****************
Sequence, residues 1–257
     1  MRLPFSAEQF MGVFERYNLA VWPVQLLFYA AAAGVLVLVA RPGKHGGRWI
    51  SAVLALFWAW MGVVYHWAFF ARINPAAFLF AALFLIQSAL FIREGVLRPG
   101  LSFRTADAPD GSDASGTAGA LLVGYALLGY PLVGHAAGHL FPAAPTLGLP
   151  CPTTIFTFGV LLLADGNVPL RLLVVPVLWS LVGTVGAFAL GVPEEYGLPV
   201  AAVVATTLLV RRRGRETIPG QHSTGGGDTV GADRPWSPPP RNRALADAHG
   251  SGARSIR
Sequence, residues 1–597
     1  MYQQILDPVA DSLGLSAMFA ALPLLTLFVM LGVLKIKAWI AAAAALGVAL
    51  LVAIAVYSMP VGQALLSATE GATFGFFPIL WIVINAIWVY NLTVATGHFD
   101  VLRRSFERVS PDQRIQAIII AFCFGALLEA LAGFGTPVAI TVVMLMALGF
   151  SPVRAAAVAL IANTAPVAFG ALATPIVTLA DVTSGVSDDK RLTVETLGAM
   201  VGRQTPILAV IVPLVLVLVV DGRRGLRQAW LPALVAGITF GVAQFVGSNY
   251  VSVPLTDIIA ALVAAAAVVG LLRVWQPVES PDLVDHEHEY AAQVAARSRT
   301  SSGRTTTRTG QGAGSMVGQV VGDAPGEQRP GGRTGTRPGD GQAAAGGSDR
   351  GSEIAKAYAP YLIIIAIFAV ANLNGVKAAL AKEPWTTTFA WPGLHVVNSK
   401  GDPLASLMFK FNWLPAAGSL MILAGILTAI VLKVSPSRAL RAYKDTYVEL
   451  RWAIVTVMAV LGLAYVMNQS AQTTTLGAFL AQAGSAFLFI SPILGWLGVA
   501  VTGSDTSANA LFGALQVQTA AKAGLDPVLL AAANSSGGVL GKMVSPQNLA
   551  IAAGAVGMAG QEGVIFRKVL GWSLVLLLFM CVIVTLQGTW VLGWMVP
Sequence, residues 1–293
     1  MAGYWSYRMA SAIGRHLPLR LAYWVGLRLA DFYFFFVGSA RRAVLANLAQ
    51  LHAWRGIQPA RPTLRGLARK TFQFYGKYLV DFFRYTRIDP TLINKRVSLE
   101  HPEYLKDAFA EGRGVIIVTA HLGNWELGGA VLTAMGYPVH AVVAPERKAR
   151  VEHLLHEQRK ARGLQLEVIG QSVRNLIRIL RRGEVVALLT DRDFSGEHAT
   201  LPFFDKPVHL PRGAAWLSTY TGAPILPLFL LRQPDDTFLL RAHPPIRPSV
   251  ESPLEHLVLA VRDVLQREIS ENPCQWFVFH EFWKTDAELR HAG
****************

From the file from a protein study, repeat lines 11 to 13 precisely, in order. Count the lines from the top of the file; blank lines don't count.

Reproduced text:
   101  VLRRSFERVS PDQRIQAIII AFCFGALLEA LAGFGTPVAI TVVMLMALGF
   151  SPVRAAAVAL IANTAPVAFG ALATPIVTLA DVTSGVSDDK RLTVETLGAM
   201  VGRQTPILAV IVPLVLVLVV DGRRGLRQAW LPALVAGITF GVAQFVGSNY